Last week, Consumer Financial Protection Bureau head Elizabeth Warren told Bloomberg News that Wall Street pulling in record profits and gearing up for bonus season shows “we still have a problem” with economic disparity. “This just staggers me; I mean, I just don’t have words to describe what this means,” she said. “It isn’t meaningful to talk about profits and a growing economy until American families are stabilized.”
Thanks in large part to government assistance, Wall Street has had a profit bonanza over the last two years. And according to a new report from the New York State Comptroller, while the total Wall Street bonus pool has gone down, the average bonus may be going up:
As Wall Street returned to profitability, cash bonuses paid to securities industry employees located in New York City grew by 17 percent to $20.3 billion in 2009. Given compensation and revenue trends so far this year, it appears the cash bonus pool will be smaller than last year, although the average bonus may be somewhat higher since it will be shared among fewer workers.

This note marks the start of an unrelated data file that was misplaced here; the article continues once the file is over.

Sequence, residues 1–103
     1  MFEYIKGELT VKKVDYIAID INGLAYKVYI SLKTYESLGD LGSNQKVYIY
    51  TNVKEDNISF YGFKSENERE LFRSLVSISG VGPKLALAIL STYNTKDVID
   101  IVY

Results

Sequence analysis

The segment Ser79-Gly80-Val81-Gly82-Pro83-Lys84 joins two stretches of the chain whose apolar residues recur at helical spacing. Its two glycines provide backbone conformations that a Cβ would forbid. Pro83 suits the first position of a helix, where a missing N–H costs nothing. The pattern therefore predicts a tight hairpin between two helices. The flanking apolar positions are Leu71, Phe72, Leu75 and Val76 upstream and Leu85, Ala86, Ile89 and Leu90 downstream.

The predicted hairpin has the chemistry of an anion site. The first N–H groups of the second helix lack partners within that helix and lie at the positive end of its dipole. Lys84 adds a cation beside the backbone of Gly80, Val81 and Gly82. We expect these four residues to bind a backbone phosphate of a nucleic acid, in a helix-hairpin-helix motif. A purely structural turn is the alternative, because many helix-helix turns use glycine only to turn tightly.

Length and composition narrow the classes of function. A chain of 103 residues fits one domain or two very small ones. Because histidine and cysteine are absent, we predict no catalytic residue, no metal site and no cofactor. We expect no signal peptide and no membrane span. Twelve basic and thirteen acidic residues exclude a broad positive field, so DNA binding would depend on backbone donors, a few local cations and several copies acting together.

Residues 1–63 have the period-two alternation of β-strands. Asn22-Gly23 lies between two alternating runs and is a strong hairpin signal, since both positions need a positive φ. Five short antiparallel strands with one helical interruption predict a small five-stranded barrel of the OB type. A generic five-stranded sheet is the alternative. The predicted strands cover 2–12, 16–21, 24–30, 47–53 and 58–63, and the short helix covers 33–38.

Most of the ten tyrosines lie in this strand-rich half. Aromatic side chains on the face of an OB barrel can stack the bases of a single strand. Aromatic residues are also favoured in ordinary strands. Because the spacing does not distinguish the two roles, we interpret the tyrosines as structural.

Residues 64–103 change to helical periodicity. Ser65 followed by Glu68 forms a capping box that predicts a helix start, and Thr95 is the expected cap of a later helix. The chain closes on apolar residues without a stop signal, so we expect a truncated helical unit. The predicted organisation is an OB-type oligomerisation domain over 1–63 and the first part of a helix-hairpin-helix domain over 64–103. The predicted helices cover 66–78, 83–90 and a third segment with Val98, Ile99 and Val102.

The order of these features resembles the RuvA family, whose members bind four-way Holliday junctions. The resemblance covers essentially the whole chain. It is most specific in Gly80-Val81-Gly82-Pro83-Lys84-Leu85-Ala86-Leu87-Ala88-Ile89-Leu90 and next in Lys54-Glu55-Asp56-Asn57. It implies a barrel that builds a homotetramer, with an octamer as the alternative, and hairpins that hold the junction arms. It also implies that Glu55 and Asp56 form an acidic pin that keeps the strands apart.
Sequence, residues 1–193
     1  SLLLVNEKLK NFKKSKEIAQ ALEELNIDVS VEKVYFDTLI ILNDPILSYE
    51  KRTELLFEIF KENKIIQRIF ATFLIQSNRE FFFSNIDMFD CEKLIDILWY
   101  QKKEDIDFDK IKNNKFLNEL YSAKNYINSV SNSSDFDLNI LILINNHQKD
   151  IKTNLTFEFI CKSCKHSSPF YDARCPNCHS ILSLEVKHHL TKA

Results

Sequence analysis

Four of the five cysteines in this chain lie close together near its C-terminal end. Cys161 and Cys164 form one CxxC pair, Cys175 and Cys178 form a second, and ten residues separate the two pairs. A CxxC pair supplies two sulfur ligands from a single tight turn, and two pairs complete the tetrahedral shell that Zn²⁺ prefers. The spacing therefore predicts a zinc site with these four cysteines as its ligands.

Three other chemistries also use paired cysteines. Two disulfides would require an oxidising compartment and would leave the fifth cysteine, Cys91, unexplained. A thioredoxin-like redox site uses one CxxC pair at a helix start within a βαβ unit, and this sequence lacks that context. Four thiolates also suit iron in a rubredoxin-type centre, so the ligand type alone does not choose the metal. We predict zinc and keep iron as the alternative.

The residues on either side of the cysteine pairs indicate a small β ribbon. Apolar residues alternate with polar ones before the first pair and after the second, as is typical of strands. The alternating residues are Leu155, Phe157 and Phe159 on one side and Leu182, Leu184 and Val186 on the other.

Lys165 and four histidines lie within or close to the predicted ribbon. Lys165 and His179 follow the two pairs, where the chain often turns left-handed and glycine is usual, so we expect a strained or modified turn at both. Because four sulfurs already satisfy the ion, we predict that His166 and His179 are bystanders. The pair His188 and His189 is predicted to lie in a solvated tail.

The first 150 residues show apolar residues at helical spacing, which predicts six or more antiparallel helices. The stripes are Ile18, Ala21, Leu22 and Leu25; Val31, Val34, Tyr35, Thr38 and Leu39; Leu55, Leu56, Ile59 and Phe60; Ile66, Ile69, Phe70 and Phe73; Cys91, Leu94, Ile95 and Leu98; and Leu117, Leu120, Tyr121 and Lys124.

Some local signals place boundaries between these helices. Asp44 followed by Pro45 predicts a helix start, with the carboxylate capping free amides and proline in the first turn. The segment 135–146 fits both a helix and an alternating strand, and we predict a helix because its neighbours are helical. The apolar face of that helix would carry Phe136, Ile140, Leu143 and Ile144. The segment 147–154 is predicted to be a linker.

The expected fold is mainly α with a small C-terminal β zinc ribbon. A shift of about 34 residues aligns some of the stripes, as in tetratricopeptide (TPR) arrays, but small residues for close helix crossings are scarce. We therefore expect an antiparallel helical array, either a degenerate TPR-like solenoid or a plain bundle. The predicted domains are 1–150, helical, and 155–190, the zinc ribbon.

Somewhat reassuringly, the report noted that “regulatory reforms (both enacted and anticipated) could result in the deferral of a larger share of bonuses.” But in a bit of a kick to Main Street, Goldman Sachs is preparing to pay out $111 million in deferred payments from 2007 and 2009 (yes, two years right around the heart of 2008’s meltdown). As John Ogg wrote at 24/7 Wall Street, “this is one of those situations where it almost looks like the financial crisis never existed.”
In the meantime, wage growth in the labor market has been steady (if unspectacular and low by historical norms) recently, but as the Center on Economic and Policy Research noted, “there is no sector showing strong job growth at this point. Furthermore, average weekly hours actually fell slightly for non-supervisory workers, suggesting that the demand for labor might actually be weakening.” 2009 saw the second-lowest wage increase ever, and the prospects for these numbers improving are not good.
Wall Street is also keeping its foreclosure machine chugging along, with a survey of consumer attorneys finding that at least 2,500 homeowners were foreclosed upon while waiting to see if they qualify for a mortgage modification.
A poll released this week shows that 70 percent of Americans want to see bonuses banned this year at firms that took government funds, while just 7 percent of respondents believe “bonuses are an appropriate incentive in light of Wall Street’s apparent return to financial health.”